With gender disparity a topic at the forefront of modern discourse, leading technology career platform Honeypot, has released the 2018 Women in Tech Index. The results offer a view on gender-based employment inequalities both at large and in the technology sector. In an effort to position themselves as industry experts, the developer-focused career platform decided to research the role that gender parity plays in the technology landscape by comparing the proportion of female employees, gender wage gap and opportunities for women in the IT field, among other criteria. In sharing the results of this study, Honeypot aims to highlight which countries offer the best opportunities for women in tech and to encourage the industry at large to take further positive steps towards gender parity.

The study focuses on 41 countries in the Organisation for Economic Co-operation and Development (OECD) and European Union (EU), and offers comparable data relating to both the tech industry and the wage gap. The data covers areas such as:

Gender in the Overall Economy: factors such as percentage of women in work and the overall gender income parity.
Women in Tech: as measured by the number of women in IT positions compared to the overall numbers of people in tech.
Opportunities for Women in Tech: calculated by comparing the difference between the percentage share of women in the general workforce, and the percentage of women in the technology sector. In addition, the study took into account the percentage of female STEM graduates.
Tech Wage Gap: difference in gender wage gap between women working in the tech industry and the overall workforce at large.
Female Career Progression: as judged by the percentage of women in managerial and ministerial positions.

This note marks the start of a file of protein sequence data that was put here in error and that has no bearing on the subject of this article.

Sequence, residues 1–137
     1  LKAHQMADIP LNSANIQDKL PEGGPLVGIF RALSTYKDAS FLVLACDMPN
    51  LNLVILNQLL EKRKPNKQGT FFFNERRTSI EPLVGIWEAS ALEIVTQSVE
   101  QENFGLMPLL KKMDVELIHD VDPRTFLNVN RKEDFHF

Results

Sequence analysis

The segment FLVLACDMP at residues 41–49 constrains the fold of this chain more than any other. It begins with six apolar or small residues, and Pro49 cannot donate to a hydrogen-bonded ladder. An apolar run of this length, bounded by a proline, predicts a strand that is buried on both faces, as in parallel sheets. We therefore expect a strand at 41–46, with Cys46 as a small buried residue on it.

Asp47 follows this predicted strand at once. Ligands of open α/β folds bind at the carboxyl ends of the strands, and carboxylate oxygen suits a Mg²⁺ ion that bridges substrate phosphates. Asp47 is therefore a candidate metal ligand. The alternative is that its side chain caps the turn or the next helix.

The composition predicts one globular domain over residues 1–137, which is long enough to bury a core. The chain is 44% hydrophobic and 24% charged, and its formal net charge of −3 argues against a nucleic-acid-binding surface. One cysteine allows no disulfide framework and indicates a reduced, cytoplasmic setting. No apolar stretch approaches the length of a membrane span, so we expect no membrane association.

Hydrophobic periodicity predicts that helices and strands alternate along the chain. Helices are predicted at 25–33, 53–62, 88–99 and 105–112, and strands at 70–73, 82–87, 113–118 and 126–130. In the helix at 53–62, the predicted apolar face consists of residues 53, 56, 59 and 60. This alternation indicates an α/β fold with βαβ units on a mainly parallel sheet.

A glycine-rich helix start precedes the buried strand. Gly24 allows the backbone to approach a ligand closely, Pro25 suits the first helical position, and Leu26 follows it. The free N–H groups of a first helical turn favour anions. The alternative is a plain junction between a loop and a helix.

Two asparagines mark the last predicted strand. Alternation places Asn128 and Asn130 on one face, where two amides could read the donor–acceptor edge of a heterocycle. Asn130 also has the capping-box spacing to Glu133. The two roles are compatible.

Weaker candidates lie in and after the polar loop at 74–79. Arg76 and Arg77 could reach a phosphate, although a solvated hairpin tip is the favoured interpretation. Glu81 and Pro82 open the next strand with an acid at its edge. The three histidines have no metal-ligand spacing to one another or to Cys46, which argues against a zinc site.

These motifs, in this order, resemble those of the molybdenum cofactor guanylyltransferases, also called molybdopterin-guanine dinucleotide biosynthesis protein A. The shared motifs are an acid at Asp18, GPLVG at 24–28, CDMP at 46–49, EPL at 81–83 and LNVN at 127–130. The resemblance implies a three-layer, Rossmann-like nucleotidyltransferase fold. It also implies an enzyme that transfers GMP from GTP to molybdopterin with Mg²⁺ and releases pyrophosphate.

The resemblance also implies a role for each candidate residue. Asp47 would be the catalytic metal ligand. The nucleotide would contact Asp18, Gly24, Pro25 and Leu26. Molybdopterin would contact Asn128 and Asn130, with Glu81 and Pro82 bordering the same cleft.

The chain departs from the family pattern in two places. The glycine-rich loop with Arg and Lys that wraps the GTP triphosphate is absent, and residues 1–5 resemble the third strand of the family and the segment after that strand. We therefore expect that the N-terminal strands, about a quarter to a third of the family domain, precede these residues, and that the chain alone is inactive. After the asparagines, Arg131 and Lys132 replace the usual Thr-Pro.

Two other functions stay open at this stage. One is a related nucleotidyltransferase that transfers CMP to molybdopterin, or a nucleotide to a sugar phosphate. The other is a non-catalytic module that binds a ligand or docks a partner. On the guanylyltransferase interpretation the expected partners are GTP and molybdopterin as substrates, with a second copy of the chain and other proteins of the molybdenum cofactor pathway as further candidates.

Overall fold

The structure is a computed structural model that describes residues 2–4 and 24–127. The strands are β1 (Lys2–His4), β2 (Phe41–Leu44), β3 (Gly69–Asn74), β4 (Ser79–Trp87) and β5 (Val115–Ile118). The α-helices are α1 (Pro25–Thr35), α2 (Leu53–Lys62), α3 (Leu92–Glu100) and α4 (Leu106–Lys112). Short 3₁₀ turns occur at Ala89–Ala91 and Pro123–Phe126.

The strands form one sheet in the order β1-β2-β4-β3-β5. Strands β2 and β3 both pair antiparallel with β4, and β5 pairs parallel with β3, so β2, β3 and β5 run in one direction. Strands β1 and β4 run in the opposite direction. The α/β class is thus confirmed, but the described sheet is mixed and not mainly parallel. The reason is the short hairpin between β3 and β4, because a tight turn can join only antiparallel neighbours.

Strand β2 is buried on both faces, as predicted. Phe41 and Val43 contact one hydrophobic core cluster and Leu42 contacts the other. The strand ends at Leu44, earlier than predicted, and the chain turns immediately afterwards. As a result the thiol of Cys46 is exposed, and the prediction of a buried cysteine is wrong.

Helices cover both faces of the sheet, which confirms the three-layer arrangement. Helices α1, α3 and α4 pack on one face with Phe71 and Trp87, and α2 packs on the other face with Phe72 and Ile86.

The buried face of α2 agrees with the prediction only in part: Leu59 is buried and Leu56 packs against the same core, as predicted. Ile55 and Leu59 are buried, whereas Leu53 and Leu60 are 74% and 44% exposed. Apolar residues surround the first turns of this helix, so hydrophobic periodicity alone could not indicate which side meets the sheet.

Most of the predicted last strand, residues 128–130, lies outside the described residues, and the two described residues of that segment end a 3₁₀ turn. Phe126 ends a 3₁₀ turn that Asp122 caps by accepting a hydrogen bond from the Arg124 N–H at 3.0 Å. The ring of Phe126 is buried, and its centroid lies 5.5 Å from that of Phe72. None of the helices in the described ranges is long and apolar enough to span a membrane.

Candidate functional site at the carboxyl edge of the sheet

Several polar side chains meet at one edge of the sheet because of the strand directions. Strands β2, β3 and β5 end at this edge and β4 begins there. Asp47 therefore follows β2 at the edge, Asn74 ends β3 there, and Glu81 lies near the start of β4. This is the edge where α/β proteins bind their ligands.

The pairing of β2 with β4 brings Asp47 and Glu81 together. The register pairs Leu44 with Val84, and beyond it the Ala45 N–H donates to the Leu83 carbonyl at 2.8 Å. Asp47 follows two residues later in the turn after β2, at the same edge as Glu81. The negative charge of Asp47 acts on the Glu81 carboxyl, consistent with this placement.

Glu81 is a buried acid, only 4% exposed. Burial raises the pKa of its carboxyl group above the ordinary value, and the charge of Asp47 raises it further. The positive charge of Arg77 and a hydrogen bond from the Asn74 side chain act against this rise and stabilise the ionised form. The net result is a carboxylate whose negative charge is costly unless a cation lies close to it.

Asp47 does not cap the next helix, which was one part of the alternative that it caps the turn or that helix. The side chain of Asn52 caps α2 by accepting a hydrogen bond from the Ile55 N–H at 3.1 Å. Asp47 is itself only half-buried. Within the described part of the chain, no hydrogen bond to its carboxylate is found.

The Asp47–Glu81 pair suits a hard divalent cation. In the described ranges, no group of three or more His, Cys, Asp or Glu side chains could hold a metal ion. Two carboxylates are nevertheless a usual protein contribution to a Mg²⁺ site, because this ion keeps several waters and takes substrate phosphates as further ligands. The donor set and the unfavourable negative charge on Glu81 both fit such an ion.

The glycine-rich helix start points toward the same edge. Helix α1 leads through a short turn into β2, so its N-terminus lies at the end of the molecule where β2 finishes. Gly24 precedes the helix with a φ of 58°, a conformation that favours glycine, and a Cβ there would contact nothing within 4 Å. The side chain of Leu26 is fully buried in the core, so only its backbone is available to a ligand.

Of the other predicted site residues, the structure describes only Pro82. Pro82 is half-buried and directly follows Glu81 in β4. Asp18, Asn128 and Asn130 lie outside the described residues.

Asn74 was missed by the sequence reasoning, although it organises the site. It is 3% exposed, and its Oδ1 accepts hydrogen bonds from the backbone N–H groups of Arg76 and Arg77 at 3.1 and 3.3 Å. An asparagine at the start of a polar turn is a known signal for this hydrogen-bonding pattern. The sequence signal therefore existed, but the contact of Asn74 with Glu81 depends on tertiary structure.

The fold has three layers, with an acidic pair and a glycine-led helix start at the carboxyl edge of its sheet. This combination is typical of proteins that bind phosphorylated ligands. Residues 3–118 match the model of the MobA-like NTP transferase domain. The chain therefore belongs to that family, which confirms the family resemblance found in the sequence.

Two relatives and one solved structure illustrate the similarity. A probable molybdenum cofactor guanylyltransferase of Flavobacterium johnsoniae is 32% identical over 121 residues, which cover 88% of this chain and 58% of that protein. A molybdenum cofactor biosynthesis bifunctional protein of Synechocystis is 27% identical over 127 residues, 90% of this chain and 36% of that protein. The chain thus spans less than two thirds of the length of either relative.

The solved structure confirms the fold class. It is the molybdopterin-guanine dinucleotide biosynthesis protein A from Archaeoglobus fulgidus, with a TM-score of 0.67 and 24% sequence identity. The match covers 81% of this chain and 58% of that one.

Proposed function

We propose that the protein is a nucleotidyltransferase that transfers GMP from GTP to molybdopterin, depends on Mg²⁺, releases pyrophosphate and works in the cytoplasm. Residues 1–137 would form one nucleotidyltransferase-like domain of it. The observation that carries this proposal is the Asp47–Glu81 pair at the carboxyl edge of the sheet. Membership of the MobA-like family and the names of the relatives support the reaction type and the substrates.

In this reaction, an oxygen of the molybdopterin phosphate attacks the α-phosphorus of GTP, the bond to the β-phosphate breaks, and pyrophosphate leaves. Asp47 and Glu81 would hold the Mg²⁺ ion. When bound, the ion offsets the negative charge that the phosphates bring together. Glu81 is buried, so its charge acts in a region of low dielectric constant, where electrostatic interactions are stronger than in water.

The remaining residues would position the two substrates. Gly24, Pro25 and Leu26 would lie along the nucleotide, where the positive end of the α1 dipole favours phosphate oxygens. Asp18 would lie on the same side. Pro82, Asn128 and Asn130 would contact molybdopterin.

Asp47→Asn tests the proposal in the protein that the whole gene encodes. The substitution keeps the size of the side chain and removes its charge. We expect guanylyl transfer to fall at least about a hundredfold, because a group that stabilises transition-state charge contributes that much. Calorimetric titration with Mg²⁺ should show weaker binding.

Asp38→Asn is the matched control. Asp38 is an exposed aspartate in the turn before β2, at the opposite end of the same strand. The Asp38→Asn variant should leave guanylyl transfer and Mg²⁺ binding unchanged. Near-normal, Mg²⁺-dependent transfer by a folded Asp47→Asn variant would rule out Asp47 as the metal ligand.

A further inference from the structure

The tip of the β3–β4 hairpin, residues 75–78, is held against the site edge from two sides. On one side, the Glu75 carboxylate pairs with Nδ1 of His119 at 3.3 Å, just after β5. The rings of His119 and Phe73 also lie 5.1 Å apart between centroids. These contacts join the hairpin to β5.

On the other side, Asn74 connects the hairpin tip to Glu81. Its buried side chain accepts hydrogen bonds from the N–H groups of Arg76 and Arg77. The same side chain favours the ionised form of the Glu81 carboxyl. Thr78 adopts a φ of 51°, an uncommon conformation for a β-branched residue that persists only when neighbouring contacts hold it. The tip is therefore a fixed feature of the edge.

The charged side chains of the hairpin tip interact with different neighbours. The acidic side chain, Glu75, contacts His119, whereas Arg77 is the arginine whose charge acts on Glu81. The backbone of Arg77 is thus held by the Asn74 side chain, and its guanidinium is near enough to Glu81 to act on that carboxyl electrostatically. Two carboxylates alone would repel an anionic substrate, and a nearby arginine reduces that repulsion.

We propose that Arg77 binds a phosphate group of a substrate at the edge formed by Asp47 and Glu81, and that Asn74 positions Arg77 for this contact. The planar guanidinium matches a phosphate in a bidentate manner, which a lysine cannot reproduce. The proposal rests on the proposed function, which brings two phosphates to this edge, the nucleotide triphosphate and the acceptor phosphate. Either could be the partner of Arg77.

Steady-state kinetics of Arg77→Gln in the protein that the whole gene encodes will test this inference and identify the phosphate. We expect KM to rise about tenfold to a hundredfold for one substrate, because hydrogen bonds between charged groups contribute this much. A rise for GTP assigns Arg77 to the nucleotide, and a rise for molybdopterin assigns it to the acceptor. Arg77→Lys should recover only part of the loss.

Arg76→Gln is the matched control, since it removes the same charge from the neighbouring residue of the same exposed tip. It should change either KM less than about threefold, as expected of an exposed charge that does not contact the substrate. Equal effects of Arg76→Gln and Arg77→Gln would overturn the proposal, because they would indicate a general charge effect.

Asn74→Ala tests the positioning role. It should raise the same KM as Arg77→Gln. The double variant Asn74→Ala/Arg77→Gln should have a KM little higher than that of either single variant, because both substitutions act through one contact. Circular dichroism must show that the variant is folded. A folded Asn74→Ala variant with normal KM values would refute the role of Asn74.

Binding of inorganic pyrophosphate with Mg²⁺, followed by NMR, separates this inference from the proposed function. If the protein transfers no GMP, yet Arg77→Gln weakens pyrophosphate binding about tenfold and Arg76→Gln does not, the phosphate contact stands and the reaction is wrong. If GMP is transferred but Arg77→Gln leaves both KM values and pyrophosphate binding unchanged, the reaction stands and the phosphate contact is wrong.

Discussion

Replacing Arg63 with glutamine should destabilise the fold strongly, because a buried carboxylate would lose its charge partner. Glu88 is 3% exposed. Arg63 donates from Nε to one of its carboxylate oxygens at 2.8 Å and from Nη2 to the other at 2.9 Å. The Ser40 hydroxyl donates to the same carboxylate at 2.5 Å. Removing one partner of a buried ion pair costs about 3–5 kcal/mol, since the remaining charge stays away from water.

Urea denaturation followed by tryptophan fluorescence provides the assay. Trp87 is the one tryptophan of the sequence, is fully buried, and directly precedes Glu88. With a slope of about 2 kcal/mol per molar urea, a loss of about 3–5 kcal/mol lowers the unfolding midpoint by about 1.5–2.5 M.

In order to pinpoint any potential barriers which might hinder a woman’s progression and to highlight the best opportunities for women, Honeypot also looked at the Gender Inequality Index. This analyses women’s reproductive health, empowerment and labour market participation to conclude overall parity. To de

termine if equality has increased or decreased in recent history, they then calculated the difference between the current available wage gap data, as compared to five years previous.

 

 

“Gender parity in the workplace is not just an ethical or moral issue, but also an economic one: McKinsey found that $12 trillion could be added to global GDP by 2025 by advancing women’s equality. As tech recruitment specialists, we are often confronted with the gender imbalances of the industry, which are fully exposed in this study.” says Emma Tracey, Co-Founder at Honeypot. “With the proportion of female tech workers remaining under 30% across the board, we hope that this study will enrich the conversation concerning equality in this industry and inspire more women to seek out opportunities in tech.”

 

View Honeypot’s interactive table to see how each country compares across a number of other measures, including percentage of female STEM graduates, Gender Inequality Index, and more.

 

 

 

 


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